To be honest, it’s easy to understand why one would feel this way, and such thoughts are not without justification.
But on the other hand, my experience in the study of democratization theory says that if we were to install a democratic system of government in Iraq right away it would be a mistake of tragic proportions.
Democracy is more than just the way in which a government is made up, and perhaps counter-intuitively it is not even the ability to elect representatives. While those things may necessary for democracy, their mere presence does not mean that a state will be a true democracy.
Democracy is built upon the bedrock of civil society and civic virtue. A country such as Iraq that is split into two fracticious bodies will quickly fly apart if everyone has an equal say. The Shi’ites have years of distrust of the Sunnis, and the Kurds don’t trust either the Sunnis or the Shi’ites. None of the three have any desire to work with the other at this point. As Lincoln so astutely pointed out, a house divided cannot stand. Iraq is a house deeply divided.
The true task of creating democracy is instilling values of mutual cooperation and civil society. This is something that cannot be instilled by decree or treaty, but must be taught. Such a process will take years.
In the meantime, our interests are in a safe and free Iraq dictate that we cannot expect to institute full democracy overnight. If we do, everything we fought for will be quickly lost. Our only option is to ensure stability while the slow process of laying the foundation for democracy is created.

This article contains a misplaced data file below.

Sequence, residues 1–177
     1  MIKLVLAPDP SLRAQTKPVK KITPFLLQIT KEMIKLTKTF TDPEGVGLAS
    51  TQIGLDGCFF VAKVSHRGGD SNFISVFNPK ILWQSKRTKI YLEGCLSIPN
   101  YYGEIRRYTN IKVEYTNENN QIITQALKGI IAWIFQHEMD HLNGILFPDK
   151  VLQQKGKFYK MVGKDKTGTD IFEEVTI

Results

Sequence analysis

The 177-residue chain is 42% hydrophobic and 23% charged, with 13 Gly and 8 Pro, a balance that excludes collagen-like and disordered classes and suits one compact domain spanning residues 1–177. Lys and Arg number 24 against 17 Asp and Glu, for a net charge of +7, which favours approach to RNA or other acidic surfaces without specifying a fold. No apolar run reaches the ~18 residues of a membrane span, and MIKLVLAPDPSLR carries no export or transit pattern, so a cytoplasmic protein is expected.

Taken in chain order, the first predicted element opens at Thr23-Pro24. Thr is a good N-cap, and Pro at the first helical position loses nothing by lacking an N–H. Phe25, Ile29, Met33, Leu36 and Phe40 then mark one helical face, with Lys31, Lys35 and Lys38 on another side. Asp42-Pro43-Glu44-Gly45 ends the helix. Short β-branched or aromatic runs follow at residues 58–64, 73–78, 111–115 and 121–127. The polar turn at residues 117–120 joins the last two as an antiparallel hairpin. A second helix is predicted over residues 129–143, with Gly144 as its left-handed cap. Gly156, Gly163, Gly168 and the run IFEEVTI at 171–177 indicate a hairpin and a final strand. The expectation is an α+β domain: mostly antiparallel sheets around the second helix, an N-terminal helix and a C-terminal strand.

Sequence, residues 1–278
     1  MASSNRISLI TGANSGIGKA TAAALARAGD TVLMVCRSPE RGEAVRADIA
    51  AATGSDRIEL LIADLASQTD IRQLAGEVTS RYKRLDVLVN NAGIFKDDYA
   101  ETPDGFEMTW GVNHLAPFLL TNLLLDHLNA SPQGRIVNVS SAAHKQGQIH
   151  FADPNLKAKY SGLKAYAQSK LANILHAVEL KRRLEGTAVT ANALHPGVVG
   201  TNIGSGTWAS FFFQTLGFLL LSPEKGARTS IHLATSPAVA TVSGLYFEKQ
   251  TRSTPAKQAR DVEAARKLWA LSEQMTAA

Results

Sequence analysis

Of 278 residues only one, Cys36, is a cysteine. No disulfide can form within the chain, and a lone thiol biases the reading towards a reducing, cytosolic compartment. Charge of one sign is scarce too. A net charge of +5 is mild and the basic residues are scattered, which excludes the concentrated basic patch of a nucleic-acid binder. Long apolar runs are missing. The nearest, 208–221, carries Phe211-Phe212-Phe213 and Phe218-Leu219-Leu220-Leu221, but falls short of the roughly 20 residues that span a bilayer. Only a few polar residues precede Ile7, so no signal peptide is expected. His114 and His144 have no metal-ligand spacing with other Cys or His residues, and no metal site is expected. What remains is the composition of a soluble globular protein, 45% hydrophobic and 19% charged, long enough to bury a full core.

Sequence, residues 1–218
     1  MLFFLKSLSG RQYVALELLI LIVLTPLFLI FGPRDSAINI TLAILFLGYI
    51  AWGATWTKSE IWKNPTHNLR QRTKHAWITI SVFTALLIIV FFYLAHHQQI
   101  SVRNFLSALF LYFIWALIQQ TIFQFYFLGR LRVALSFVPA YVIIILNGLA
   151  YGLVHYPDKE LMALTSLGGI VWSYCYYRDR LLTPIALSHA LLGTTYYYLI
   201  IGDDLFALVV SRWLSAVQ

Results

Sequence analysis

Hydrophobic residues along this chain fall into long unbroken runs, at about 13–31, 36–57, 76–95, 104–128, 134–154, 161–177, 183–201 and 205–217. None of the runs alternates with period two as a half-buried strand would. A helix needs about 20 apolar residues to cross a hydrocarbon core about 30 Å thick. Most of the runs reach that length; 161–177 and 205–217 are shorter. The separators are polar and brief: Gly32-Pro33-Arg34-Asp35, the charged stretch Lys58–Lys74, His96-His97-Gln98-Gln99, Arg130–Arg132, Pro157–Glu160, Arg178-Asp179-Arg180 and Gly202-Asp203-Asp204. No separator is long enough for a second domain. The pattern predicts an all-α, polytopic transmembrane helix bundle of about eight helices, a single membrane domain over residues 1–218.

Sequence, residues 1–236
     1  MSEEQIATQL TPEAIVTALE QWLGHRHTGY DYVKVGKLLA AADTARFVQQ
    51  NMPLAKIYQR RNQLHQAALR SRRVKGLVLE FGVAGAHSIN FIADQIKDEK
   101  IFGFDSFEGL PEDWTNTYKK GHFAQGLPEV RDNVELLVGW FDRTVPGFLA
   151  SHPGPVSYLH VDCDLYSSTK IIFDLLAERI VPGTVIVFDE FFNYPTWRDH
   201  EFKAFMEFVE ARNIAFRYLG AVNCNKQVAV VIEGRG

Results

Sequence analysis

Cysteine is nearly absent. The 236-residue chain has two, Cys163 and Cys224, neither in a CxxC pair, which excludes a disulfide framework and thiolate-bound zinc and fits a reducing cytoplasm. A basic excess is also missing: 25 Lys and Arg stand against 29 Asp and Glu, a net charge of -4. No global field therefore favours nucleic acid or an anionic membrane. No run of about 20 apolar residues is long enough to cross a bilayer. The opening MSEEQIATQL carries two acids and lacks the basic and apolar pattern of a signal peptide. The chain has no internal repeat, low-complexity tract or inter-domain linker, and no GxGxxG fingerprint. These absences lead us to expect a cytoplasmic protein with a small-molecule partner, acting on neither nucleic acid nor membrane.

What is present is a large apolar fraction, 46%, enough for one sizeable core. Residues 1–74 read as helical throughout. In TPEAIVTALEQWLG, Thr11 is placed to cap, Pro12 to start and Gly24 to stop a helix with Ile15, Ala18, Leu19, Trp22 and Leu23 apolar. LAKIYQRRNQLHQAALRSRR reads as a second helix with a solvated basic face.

Critics of American foreign policy often say we prefer quick and shoddy solutions over doing the difficult work of actually instituting real democratic reform. Those are criticisms that have a lot of merit to them, and the true test of our resolve to support democratization may be in learning when a nation can support it.
ADDENDUM: There’s an interesting piece by Samuel Huntington on democratization theory that can guide our administration of a post-war democratic transition in Iraq. When I get time, I’ll try to write an entry on why the Bush Administration would be wise to apply it.